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Wheels set in motion for power price hike

DGPC has submitted a revised tariff proposal to BEA for review

The Druk Green Power corporation (DGPC) has proposed revising generation tariff for additional energy it sells to the Bhutan Power corporation (BPC) for domestic supply to Nu 1.99 kWh from the present Nu 1.20 a unit (kWh) for the next three-year cycle starting July.

Additional energy refers to sales beyond royalty energy, 15 percent of total generation, to BPC.  The royalty energy is supplied to BPC at a special rate to subsidise domestic supply.

The revised tariff proposal, which has been submitted to the Bhutan Electricity Authority (BEA) for review, was arrived at to allow for higher cost of equity, recovery of the cost of production of royalty energy and power import, and full recovery of other costs.

These changes are proposed to reflect the actual cost of power generation, in keeping with the tariff determination regulations (TDR), as well as norms applicable to other utilities in the region.

The proposal states the prevailing tariff for additional energy of Nu 1.20 a kWh has not changed since September 2007.  In the last revision cycle in 2010, the tariff for royalty energy was reduced to Nu 0.13 a unit from Nu 0.30 a unit.

Over the past three years, there has been a huge opportunity loss, exceeding Nu. 1.3 billion, to DGPC due to domestic demand exceeding royalty energy component and the prevailing low generation tariffs. The additional energy demand ranging from 545.50 GWh in 2010 to 818.59 GWh in 2012 could otherwise have been exported to India thus earning much higher returns.

During the tariff review in 2010, DGPC was allowed a six percent cost of equity (CoE), on the grounds that hydropower projects were constructed with grants.  By considering GoI grant financing in the 2010 tariff determination, resulted in lower generation tariffs.

DGPC managing director Dasho Chhewang Rinzin said a higher CoE would not only be in keeping with the updated TDR, but also appropriate, because DGPC does not receive grants directly.  Indian utilities are allowed a CoE of 15.5 percent to ensure recovery of cost of supply.

The increase in tariff will allow DGPC to earn returns as permissible within the regulatory framework, maintain satisfactory levels of profitability, and safeguard revenues from export from being eroded by domestic sales.

The proposal also says Druk Green’s returns have been steadily declining in recent years.  Profit after tax in 2011 reduced by more than Nu 500M.  The higher profitability in 2012 was primarily due to the increase in export tariff for the Kurichu and Tala Hydropower Plants from Nu 1.80 per kWh to Nu 1.98 per kWh, effective from December 2011.  The decline in returns is primarily attributed to the current domestic tariff levels.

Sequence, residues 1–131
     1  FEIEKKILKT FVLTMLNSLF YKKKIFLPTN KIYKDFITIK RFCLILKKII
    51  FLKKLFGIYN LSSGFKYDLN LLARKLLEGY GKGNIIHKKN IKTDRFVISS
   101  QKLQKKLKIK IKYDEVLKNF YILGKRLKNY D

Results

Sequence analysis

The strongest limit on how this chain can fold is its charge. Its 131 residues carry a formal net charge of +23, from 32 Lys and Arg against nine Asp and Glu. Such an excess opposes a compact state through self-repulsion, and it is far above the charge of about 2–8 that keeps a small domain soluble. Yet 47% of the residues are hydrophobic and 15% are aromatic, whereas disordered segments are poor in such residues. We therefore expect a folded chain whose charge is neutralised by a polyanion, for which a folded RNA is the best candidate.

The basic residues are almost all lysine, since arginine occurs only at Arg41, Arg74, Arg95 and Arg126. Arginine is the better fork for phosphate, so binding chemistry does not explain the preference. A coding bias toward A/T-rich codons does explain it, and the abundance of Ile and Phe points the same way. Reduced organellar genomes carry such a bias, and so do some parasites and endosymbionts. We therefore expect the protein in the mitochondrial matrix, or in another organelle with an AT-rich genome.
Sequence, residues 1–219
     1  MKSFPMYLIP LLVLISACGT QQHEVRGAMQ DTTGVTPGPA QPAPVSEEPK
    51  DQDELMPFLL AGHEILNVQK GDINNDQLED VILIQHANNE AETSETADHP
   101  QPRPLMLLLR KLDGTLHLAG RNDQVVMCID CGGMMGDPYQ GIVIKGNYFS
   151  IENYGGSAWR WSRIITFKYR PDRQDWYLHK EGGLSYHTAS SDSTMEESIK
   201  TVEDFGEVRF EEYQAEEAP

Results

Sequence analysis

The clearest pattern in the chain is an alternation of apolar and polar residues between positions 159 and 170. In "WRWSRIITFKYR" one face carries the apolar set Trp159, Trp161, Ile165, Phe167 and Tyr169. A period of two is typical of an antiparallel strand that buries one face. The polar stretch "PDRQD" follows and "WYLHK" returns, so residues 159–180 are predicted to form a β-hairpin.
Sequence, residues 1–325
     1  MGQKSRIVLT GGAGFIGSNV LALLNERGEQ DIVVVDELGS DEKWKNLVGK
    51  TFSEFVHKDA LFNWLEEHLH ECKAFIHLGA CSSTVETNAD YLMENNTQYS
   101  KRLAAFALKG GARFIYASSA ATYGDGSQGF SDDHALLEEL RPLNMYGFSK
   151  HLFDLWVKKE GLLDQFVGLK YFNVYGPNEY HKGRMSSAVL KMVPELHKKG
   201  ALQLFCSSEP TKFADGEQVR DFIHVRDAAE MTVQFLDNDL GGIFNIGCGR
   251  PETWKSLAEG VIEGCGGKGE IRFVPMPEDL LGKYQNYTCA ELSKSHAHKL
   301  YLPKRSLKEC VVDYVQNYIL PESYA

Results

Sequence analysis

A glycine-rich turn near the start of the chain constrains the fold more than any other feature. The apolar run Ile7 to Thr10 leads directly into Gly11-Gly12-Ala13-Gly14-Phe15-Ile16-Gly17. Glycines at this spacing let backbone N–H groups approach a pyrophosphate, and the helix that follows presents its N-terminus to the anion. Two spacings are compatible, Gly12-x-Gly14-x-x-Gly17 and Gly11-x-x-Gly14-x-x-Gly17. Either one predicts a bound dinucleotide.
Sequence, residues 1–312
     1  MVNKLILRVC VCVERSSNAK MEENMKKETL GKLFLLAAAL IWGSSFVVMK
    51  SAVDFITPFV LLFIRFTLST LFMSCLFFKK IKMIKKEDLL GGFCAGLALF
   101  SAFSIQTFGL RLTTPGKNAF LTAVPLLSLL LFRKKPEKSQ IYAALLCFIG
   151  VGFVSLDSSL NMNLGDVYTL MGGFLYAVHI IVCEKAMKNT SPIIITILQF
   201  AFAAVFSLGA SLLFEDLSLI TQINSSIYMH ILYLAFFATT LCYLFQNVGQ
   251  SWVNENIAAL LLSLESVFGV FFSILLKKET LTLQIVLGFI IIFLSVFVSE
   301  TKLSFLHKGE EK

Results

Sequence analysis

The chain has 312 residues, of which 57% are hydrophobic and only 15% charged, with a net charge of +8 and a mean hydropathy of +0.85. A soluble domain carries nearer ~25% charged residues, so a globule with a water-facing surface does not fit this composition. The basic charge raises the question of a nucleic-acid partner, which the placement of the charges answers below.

The proposal also points out that any impact on Druk Green’s profitability will adversely affect revenue flows to the government.  Druk Green contributes about 26 percent of the government’s total revenues in taxes and dividends (National Revenue Report 2011-12).

The proposal also states that, if present generation tariffs are increased to a certain extent, and that too only reflecting the true cost of supply, it could lead to drastic tariff increases in the future, once the new hydropower projects are commissioned, which could cause a huge shock to the domestic electricity market.

Much higher tariffs are anticipated for the new projects, based on much higher capital costs of construction (see Table 1).  The tariffs for these projects could be much higher once the projects are commissioned and the actual costs to completion are computed.

“If the proposal doesn’t come through, it wouldn’t have significant impact on DGPC’s sustainability, as all loan obligations are met, but increase in tariff would allow us in pumping back money for proper maintenance and as a huge corporation generate more revenue that is directly returned to the government for development activities,” Dasho Chhewang Rinzin said.

By Passang Norbu

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